The Dockerfile is extremely simple:

FROM ubuntu:focal

COPY googleScraperSetup.sh /googleScraperSetup.sh
RUN /googleScraperSetup.sh

COPY googleScraper.py /googleScraper.py

CMD python3 /googleScraper.py >/pyoutlog.log 2>&1

And our environment setup is straightforward too:

#! /bin/bash
apt-get update
# Install with a non-interactive frontend to get around asking for a timezone
# Otherwise, this is a dependency for Chrome
DEBIAN_FRONTEND="noninteractive" apt-get -y install tzdata

apt-get install -y pip wget
# Strange version clash – libudev needs to be downgraded
apt-get install -y libudev1=249.11-0ubuntu3

# Download and install Chrome
wget https://dl.google.com/linux/direct/google-chrome-stable_current_amd64.deb
apt install -y -f ./google-chrome-stable_current_amd64.deb

# Basics
pip install selenium BeautifulSoup4 pandas

Installing Chrome on a blank Ubuntu container is a dependency labyrinth. Thankfully, “apt install -f” does all the hard work for us, pulling dependencies where needed. The only issue I ran into is libudev requiring a downgrade to the above version, which apt couldn’t handle for me.

Scraping a page with a headless browser is surprisingly painless.

# Lots of imports
from selenium import webdriver
from selenium.webdriver.chrome.options import Options
from selenium.webdriver.chrome.service import Service as ChromeService
from webdriver_manager.chrome import ChromeDriverManager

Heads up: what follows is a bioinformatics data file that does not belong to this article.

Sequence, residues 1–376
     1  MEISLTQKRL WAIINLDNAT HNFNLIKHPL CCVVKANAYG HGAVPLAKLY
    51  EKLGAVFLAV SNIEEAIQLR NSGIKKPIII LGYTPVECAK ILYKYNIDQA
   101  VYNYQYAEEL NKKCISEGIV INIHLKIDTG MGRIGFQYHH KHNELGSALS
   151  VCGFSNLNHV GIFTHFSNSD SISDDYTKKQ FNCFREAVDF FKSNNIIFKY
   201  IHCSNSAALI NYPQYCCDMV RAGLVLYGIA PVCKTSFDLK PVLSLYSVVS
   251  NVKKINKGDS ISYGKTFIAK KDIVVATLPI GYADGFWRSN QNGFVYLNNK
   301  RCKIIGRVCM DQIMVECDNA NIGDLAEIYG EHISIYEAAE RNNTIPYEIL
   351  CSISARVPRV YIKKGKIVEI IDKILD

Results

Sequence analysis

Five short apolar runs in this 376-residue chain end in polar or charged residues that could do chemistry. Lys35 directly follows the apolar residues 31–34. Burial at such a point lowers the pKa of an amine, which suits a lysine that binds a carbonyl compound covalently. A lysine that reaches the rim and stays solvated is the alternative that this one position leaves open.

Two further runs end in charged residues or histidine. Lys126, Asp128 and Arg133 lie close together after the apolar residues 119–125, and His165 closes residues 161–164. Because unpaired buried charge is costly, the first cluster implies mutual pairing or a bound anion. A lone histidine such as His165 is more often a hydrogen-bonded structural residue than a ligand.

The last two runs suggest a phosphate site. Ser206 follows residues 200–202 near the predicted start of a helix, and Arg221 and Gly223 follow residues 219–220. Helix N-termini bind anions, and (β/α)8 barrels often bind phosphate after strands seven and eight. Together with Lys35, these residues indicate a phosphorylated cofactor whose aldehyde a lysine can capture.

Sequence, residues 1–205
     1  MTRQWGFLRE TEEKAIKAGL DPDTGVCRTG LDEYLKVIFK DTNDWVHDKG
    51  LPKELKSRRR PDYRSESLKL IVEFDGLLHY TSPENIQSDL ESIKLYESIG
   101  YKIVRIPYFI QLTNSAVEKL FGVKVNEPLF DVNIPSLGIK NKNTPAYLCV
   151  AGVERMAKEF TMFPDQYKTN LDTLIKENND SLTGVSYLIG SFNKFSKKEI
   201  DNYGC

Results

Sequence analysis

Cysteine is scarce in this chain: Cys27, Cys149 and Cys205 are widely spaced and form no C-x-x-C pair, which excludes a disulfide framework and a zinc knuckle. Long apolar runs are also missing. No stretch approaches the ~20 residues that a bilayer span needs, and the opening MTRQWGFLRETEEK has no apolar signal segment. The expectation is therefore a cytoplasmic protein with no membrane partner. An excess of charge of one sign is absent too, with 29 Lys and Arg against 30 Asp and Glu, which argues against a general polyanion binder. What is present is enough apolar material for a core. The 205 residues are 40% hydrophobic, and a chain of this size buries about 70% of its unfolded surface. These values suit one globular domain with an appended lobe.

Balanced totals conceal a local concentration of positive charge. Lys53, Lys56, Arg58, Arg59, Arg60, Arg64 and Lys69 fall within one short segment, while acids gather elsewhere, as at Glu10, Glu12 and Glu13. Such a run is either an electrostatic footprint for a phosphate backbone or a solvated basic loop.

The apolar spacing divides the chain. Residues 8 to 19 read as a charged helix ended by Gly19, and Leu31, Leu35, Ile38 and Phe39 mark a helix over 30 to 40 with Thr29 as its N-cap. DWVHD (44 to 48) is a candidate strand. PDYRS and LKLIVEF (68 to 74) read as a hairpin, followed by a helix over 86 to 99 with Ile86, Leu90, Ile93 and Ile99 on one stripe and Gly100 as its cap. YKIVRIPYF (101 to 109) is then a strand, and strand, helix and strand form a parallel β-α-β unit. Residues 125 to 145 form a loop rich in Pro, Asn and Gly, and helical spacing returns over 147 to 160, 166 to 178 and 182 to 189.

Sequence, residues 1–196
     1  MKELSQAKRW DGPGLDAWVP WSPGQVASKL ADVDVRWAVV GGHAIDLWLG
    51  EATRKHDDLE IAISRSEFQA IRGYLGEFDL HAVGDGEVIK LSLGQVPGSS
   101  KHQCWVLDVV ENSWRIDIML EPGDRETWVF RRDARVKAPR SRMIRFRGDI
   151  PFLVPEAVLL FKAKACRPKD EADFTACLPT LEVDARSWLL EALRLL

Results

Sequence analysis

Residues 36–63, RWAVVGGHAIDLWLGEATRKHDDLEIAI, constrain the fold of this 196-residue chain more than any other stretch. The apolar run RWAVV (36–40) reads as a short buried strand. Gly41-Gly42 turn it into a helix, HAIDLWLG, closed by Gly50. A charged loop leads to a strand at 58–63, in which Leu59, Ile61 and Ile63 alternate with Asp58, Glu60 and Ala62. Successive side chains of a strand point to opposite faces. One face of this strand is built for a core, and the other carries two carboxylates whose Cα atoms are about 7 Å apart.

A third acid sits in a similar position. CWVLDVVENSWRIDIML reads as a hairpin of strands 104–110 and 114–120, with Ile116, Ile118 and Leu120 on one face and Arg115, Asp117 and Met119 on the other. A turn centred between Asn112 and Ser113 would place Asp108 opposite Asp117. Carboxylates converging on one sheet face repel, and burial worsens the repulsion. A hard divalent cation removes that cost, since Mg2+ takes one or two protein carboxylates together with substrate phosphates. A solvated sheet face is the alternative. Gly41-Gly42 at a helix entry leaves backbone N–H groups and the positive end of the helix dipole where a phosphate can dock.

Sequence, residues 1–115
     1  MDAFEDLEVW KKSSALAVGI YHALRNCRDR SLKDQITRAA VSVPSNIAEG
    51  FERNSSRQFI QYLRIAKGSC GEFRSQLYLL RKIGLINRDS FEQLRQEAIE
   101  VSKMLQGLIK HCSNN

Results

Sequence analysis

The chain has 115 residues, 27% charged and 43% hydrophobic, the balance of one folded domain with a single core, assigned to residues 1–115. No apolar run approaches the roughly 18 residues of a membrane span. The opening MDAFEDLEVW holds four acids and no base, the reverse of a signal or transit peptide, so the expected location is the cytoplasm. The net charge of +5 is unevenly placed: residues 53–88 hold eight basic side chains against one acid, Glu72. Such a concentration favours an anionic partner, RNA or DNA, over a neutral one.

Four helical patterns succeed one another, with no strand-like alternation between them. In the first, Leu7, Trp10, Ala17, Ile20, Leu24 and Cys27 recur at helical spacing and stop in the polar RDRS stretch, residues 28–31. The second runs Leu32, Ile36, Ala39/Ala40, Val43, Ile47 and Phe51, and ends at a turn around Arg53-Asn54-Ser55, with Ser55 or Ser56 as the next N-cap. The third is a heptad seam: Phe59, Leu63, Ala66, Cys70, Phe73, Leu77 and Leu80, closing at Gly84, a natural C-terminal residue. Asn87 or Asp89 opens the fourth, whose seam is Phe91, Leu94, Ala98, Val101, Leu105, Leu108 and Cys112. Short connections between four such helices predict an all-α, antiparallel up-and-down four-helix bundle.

options = Options()

# These two arguments stop the headless instance from falling over when it tries to render video

# This helps target pages render as if they were on a monitor
# This tries to use the latest driver available for the Chrome version used, installing if needed
driver = webdriver.Chrome(service=ChromeService(ChromeDriverManager().install()), options=options)
driver.get("data intellect" -site:dataintellect.com)
page = driver.page_source

The webdriver manager above downloads the required latest compatible driver for us (phew), and the option ‘—headless=new’ is (as the name implies) a new method for adding a headless view introduced in the last year. The rest of the settings prevent the Chrome instance attempting to display something and losing its marbles.

The result then is “page”, roughly equivalent to the result from requests.get above, but instead, showing the actual results from a google search. Hooray! But we aren’t done yet.

Let's strain the soup

We need to make sure we can actually glean useful information from the page result. First step is to convert this into a navigable, searchable tree with BeautifulSoup, as in the code snippet below. This soup groups all the elements into a tree, similar to what you can observe in the page inspection below. You can find elements of a certain class, ID, type, etc, and once found move to adjacent elements or to parent or child elements, inspect and retrieve attributes, or pull out data.

After making our soup, we’d look for the elements we want to pull out and condense them into a results table. Frequently when webscraping, these are tables, lists, paragraphs etc which have been tagged with a sensible ID or class. You can, for example, find all tables, pull out the elements, and congratulate yourself (and the BeautifulSoup team) on a job well done. So, what does Google give us to make this easy?